Sulphuric acid 'may have leaked' after Australia train derailed
More than 30,000 litres (6,600 gallons) of sulphuric acid may have leaked from a freight train that derailed in Australia on Sunday, police say.
Carrying 819,000 litres of sulphuric acid, the 26-wagon train derailed 20km (12.4 miles) east of Julia Creek, in north-west Queensland.
A 2km exclusion zone is likely to remain for at least 48 hours.
Regional flooding has hampered access, but police say they hoped salvage teams would reach the site shortly.
"Assessments to date indicate that one of the carriages has likely ruptured and it is possible that up to 31,500 litres of acid has leaked out," police said in a statement.
"No other ruptured carriages have been identified as leaking at this stage."
Authorities had earlier said that the train was carrying 200,000 litres of sulphuric acid.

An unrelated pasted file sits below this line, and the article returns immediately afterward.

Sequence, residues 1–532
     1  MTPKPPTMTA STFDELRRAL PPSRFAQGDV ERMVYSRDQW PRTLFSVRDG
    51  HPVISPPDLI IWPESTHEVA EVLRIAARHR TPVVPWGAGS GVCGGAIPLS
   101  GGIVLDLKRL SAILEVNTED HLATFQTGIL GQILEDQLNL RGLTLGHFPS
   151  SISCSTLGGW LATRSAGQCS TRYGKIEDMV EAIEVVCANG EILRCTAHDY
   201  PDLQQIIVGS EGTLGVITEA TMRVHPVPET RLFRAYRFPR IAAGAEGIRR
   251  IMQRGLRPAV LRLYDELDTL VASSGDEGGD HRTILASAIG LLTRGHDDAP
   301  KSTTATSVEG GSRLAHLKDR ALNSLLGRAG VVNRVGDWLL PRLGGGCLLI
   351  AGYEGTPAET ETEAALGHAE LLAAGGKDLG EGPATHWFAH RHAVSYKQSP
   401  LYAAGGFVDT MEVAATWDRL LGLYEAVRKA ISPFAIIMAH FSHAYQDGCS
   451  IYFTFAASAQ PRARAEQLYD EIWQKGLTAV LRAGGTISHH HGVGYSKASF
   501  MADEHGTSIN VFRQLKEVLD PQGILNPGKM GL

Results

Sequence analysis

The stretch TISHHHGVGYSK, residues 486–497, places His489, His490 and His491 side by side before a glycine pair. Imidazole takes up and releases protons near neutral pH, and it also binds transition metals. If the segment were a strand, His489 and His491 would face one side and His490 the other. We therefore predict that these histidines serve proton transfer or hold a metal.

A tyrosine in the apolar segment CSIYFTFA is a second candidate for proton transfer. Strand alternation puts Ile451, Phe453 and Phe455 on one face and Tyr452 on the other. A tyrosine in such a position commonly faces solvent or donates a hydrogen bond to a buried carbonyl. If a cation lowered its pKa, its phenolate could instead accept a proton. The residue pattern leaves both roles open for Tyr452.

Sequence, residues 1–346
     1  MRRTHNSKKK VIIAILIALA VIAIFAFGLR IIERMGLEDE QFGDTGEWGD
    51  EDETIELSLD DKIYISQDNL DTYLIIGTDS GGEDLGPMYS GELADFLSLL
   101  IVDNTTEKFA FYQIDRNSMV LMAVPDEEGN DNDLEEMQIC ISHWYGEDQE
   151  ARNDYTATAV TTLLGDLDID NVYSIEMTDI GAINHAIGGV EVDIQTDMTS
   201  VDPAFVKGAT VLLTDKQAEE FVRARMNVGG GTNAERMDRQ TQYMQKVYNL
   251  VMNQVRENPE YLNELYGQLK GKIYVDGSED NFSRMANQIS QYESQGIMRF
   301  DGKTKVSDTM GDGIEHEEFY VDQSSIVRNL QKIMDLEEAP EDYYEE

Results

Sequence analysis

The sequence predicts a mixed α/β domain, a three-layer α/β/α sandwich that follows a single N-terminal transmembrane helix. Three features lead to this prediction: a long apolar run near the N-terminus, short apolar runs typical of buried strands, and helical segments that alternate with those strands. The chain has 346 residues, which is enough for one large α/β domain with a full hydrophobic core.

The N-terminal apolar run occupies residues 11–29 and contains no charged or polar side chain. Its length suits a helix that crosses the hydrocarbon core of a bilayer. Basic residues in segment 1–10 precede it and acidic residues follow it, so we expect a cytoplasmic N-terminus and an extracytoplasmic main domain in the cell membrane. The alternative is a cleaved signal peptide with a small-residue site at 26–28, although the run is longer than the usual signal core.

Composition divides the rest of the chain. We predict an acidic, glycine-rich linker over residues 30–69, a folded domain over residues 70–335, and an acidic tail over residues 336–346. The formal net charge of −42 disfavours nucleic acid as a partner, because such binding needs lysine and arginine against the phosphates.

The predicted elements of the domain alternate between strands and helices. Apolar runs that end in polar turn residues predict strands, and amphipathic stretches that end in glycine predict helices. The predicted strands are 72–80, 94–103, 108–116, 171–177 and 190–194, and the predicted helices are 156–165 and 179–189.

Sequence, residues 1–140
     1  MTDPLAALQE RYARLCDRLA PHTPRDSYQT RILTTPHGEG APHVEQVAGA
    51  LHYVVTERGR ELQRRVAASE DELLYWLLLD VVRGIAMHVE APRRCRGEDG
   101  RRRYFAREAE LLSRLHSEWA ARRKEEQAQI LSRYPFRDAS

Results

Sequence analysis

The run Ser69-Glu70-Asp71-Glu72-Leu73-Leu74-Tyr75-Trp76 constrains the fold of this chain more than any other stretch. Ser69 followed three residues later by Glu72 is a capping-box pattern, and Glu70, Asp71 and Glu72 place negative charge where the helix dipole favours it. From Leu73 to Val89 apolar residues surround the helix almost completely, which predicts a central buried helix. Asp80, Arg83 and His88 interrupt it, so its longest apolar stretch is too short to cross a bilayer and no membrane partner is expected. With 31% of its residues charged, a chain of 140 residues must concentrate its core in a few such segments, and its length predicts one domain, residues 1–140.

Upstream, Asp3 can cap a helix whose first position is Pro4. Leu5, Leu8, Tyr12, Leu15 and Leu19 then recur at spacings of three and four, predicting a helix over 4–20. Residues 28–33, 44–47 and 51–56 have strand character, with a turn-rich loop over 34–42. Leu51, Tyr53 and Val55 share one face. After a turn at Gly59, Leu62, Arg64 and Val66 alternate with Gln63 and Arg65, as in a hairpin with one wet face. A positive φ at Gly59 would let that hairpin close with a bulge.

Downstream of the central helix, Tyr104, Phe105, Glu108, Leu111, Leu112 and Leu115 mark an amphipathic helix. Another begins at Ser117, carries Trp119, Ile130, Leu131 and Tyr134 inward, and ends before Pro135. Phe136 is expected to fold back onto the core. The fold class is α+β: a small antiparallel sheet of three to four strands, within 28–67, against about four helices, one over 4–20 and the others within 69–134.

Salvage crews have not yet reached the site but police said that they hoped to have teams there by the end of Tuesday, depending on the weather.
A spokesperson for Queensland Rail, which operates the service, said that the flooding had prevented its own staff from reaching the site.
It is not yet clear what caused the accident and whether floodwaters played a role.
Initial testing by Queensland's environment department indicated that any leak had not affected nearby waterway Horse Creek.
Sulphuric acid is a highly corrosive substance that can cause severe burns on contact with skin.